The White House issued an urgent plea to Capitol Hill for action on Ukraine assistance, warning in a new letter that the U.S. will run out of military aid for Kyiv by the end of the year.
“There is no magical pot of funding available to meet this moment,” White House Office of Management and Budget Director Shalanda Young wrote to congressional leadership. “We are out of money — and nearly out of time.”
Young wrote that allowing U.S. aid to Ukraine to lapse “will kneecap Ukraine on the battlefield, not only putting at risk the gains Ukraine has made, but increasing the likelihood of Russian military victories.”
The White House had asked Congress to approve over $60 billion in security, economic, and humanitarian assistance for Ukraine, as part of a larger national security package that also includes security aid for Israel and funding for border security.
Ukraine funding is currently tied up with border security, as Republicans refuse to vote on assistance for Kyiv without also implementing policy changes to address the rush of migrants at the southern border.
Sen. James Lankford, R-Okla., the leading GOP negotiator in the border talks, sounded optimistic on ABC. “We can get this done by the end of the year,” he said.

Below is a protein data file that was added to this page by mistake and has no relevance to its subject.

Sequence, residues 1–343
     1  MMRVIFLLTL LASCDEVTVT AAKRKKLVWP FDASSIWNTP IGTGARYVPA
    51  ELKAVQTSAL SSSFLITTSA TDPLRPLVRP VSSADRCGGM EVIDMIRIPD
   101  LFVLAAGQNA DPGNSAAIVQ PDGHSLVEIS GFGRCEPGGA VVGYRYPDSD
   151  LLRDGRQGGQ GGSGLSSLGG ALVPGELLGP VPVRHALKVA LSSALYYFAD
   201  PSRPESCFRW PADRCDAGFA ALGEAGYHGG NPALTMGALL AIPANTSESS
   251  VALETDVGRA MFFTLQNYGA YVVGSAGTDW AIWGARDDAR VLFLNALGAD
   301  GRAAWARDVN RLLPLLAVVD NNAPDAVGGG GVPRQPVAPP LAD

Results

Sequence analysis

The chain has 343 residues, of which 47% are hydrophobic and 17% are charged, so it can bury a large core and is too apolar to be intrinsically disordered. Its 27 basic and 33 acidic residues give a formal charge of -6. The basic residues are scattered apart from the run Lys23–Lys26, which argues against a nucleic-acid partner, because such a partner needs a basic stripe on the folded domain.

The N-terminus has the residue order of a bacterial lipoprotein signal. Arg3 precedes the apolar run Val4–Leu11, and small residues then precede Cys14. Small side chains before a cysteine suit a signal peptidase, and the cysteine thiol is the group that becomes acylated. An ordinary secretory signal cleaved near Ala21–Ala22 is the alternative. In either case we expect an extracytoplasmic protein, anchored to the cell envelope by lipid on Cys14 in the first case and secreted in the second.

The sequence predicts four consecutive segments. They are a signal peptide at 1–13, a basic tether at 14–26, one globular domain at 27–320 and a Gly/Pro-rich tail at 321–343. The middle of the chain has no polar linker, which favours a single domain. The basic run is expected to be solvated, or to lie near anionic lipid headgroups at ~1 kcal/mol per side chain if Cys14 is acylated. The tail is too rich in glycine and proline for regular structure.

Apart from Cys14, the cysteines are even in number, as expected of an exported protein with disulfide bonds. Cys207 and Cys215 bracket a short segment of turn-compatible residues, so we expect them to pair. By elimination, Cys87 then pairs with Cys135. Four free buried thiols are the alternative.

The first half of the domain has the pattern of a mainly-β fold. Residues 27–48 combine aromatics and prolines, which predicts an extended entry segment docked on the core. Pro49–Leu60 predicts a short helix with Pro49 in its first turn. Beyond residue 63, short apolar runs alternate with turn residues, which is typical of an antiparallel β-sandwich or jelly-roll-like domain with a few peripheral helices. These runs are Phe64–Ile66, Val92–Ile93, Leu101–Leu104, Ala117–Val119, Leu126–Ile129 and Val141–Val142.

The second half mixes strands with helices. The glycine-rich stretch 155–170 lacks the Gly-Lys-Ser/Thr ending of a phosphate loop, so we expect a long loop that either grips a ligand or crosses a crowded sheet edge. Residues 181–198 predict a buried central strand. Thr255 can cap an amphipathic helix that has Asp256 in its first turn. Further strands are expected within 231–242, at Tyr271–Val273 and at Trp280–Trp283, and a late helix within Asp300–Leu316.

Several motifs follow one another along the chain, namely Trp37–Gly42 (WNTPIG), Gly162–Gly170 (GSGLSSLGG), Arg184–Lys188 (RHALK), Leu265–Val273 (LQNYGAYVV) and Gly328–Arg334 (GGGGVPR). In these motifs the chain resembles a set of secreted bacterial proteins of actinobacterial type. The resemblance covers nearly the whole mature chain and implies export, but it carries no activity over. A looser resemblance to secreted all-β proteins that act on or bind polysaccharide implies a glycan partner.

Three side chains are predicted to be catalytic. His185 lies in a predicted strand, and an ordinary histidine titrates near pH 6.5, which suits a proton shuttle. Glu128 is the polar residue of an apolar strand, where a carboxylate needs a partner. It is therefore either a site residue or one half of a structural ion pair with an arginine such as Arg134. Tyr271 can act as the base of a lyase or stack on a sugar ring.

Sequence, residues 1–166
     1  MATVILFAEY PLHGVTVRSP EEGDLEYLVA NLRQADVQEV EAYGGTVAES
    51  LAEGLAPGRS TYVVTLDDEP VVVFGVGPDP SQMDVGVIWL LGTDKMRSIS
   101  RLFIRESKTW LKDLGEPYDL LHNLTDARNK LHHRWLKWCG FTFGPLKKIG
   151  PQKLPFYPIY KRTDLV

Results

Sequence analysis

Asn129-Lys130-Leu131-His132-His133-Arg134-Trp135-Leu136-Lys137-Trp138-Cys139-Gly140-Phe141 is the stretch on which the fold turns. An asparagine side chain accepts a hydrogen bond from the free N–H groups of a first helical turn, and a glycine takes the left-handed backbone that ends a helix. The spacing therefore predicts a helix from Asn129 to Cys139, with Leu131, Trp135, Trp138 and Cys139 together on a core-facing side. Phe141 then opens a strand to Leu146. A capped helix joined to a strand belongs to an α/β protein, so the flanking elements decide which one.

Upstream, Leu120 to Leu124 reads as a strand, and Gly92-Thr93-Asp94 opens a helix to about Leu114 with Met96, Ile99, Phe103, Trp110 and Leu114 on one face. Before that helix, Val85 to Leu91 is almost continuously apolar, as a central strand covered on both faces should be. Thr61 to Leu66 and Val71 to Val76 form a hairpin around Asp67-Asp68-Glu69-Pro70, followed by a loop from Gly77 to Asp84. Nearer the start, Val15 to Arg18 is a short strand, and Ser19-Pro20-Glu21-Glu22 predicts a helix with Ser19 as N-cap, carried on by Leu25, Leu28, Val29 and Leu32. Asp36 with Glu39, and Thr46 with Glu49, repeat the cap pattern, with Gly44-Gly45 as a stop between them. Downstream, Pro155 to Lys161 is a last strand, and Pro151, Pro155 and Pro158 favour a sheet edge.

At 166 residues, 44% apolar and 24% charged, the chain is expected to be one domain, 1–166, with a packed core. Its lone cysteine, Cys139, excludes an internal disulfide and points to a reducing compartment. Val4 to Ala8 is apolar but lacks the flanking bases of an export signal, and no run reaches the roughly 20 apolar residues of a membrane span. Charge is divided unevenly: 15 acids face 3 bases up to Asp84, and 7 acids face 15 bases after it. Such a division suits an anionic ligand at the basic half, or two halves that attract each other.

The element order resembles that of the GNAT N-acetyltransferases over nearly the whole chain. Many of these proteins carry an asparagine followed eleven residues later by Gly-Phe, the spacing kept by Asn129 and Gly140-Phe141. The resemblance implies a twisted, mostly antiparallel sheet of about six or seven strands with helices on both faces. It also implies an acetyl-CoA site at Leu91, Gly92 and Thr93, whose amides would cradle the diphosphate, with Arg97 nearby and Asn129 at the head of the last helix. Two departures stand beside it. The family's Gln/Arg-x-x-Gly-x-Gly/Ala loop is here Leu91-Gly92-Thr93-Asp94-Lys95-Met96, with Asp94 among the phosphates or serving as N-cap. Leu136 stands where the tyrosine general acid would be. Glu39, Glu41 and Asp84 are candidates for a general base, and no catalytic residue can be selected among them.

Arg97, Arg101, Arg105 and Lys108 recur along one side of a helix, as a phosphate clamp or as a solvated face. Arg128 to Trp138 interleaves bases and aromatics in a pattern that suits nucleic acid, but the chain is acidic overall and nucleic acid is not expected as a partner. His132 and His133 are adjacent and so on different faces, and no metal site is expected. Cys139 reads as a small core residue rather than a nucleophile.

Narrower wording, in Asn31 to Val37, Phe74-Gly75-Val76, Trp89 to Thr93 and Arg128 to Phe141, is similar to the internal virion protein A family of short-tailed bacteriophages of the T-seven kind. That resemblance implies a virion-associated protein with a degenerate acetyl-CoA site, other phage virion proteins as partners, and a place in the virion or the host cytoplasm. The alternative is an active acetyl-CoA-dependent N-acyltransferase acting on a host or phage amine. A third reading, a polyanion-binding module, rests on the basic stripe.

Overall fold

But Punchbowl News reported on Monday that Democrats walked away from negotiations on Friday due to “intractable GOP demands on asylum and parole reform” — a major development that would jeopardize the fate of the national security package.
Meanwhile, House Speaker Mike Johnson said during a weekend appearance on Fox News that he wants to see H.R. 2 — the Republicans’ border bill — passed, which Democrats have rejected out of hand. At the same time, Johnson’s rhetorical support for Ukraine has been a pleasant surprise for advocates requesting more assistance. “Grounds for encouragement,” former U.S. ambassador to Ukraine Bill Taylor told Semafor.
The View From Europe
The plea for funding in Washington comes as Ukraine sees faltering support across the West. A budget dispute in the European Union is threatening to leave Ukraine without crucial funding, the Financial Times reported. EU officials believe that they still have time to reach a deal ahead of a summit this month, but fears are rising that a collapse in talks will strip Ukraine of a possible 50 million euros ($54 million) that would offer it a lifeline after its summer counteroffensive.